Lawyers representing some Delaware County residents are asking Pennsylvania Attorney General Josh Shapiro to look into a pattern of racial discrimination by Chester Township’s police department.
The move comes after the release of a second video involving the arrest of a black man for loitering in front of his house and resisting arrest.
The latest video shows Brandon Alvin being arrested in front of his home on the evening of Sept. 21, while his wife and family members call out that he lives there.
Alvin lives in the same public housing complex where, two weeks ago, four members of the Briggs family were arrested for loitering in front of their home and resisting arrest.
Attorney Thomas Fitzpatrick, who represents both Alvin and the members of the Briggs family, said at a press conference Wednesday that discriminatory policing has gone on in that particular housing complex for years.
“This is an ongoing pattern and practice and, indeed, a policy by Chester Township, the body politic, and the Delaware County at large concerning the over-policing of African Americans in this community and how they are treated in general,” Fitzpatrick said.
The Briggs family has filed a lawsuit against the police department.
The department referred questions to the Delaware County District Attorney’s Office, which is investigating. Repeated attempts were made to contact the DA’s Office Wednesday, but no one was available for comment.
A representative from Shapiro’s office said Wednesday evening that it had not yet received the request that it look into the Chester Township matter.
About 80% of Chester Township’s 4,600 residents are black. The officers involved in the cases in question are white.
The same officer, Pasquale Storace III, can be seen in both videos making the arrests.
“Knowing what we know now, we’re calling for the immediate removal of Officer Pasquale Storace from the Chester Township Police Department,” Fitzpatrick said. “In addition to that, we’re calling for an investigation by the Attorney General’s Office into the developments in Chester Township and what’s been going on with these arrests.”
According to an affidavit signed by Officer Storace, the incident began outside about 8:45 p.m. Sept. 21, when Storace noticed Alvin leaning against the window of a red GMC truck that Alvin’s lawyers say belonged to Alvin’s cousin.
Storace told Alvin he was loitering and ordered him to put his hands behind his head, interlocking his fingers, so that he could be patted down and searched, the affidavit says. When Alvin refused, Storace attempted to take him into custody. When Alvin attempted to pull away, Storace tried to put handcuffs on him, and when Alvin resisted, he was sprayed with pepper spray, twice, while the other officers attempted to put on handcuffs and take him into custody.
“Mr. Alvin did not commit a crime that night,” said attorney Kevin Mincey, who along with Fitzpatrick represents both Alvin and the Briggs family.
According to Mincey and Fitzpatrick, their Center City law office has received 10 to 12 calls from other residents of the same Chester Township public housing complex with similar complaints involving loitering charges and confrontations with Officer Storace.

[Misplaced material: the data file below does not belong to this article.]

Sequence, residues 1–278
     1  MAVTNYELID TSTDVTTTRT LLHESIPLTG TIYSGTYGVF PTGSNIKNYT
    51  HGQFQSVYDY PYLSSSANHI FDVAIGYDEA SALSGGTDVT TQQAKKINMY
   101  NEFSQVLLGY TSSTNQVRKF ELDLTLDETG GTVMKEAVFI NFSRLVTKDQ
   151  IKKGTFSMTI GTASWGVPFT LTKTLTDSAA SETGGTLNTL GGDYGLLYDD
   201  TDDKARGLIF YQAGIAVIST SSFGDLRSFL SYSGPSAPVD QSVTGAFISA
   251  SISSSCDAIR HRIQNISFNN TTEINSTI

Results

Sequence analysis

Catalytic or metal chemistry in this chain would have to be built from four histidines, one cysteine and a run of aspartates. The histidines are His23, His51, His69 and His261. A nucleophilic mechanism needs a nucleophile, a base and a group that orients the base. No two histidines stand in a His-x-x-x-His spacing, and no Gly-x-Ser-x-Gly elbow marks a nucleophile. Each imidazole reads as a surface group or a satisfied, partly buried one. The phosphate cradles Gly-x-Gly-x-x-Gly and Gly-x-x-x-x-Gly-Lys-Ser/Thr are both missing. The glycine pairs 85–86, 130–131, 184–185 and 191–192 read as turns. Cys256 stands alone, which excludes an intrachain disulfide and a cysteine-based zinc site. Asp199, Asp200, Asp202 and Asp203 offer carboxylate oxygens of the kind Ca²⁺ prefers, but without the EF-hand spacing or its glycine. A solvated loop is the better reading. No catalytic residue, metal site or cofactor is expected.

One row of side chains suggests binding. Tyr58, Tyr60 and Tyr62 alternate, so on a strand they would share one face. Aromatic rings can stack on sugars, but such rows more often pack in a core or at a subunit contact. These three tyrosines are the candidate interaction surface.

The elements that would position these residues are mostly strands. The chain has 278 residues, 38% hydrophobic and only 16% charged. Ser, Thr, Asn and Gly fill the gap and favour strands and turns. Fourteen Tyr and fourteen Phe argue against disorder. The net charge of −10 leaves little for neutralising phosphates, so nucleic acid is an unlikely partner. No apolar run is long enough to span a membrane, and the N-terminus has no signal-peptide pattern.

Mincey said that Alvin showed the video of his arrest to the District Attorney’s Office at his hearing this month, and that the DA’s Office requested a continuance and will take up the case in December.
Loitering laws: A long, complex history
Chester Township’s loitering ordinance, like loitering laws through the country, has been a source of controversy. A prior version was struck down by a judge in 2012 for being too vague. The new law, which is not available online, says loitering is forbidden “in any area within the township which has been designated by the Township Council as a no loitering area.”
Mincey and Fitzpatrick said there were no signs near the families’ homes stating that loitering was not permitted.
“This is simply an arbitrary and discriminatory application of an invisible statute that’s made so that people cannot know what the law is,” Fitzpatrick said. “And it’s made so that they can impose a tax on people for being people of color and for living in poorer communities.”
Loitering laws have a long and complex history. They date back to Elizabethan England when they were used for crime prevention. But over time, they were increasingly used for social control — often targeting minority groups, from blacks to LGBTQ groups, said Risa Goluboff, dean of the University of Virginia School of Law and author of “Vagrant Nation.”
“The history of loitering and vagrancy laws in the United States is very closely linked to racial regulation and oppression,” Goluboff said, “and to the shoring up of Jim Crow laws in the South and the shoring up of racial segregation and hierarchy in the rest of the country as well.”
By 1972, the U.S. Supreme Court had struck down many versions of these laws, a trend that has continued at the Supreme Court level as recently as 1999 in Chicago v. Morales, when the court struck down a Chicago loitering law that targeted gangs. In light of those cases, municipalities have tried to revamp loitering laws to make them more constitutionally palatable.
Even so, Goluboff said, many revised laws, like ones requiring signs, still might not pass constitutional muster due to the inherently vague nature of loitering.
“If you’re asking the question, what’s motivating the courts that have struck down these laws? Those courts are saying you can’t arrest people for doing the things they do in their daily lives in spaces where what they’re doing is appropriate,” Goluboff said.
Mincey and Fitzpatrick said they are talking with other potential plaintiffs about filing a class-action lawsuit against the Chester Township Police Department.
“There needs to be an inquiry,” Fitzpatrick said. “There needs to be an investigation. And there needs to be immediate action as it relates to Officer Storace.”